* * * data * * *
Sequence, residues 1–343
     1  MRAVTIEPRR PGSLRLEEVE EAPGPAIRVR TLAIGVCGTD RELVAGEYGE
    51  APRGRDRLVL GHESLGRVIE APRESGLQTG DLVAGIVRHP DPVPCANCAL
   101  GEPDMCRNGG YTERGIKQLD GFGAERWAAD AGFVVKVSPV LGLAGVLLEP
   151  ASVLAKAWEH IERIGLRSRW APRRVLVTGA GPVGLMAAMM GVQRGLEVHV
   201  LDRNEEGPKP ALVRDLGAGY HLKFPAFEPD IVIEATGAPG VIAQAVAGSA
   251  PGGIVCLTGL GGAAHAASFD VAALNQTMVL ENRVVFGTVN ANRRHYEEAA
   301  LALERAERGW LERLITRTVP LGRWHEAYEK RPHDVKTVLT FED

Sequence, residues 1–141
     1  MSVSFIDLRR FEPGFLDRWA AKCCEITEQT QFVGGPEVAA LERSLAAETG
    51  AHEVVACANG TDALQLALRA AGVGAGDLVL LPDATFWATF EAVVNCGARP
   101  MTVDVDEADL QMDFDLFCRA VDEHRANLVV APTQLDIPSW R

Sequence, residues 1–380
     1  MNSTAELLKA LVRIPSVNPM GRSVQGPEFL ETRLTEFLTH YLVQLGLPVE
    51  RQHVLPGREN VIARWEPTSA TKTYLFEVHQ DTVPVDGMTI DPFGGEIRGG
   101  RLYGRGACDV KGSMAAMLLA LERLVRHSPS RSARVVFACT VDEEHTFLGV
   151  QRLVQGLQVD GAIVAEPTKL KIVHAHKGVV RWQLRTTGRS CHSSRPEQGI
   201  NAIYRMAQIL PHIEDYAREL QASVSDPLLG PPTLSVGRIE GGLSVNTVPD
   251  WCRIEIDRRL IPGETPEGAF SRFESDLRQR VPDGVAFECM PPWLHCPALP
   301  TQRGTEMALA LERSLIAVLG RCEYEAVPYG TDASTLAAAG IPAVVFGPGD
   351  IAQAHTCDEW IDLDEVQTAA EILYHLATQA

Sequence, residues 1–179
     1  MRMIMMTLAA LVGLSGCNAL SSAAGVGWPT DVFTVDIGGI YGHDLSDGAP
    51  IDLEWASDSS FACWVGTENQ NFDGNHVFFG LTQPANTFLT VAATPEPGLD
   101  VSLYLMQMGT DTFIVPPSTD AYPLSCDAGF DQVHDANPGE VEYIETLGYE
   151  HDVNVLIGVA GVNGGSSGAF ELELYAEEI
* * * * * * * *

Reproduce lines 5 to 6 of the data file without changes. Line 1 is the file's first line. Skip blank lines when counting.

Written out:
   151  ASVLAKAWEH IERIGLRSRW APRRVLVTGA GPVGLMAAMM GVQRGLEVHV
   201  LDRNEEGPKP ALVRDLGAGY HLKFPAFEPD IVIEATGAPG VIAQAVAGSA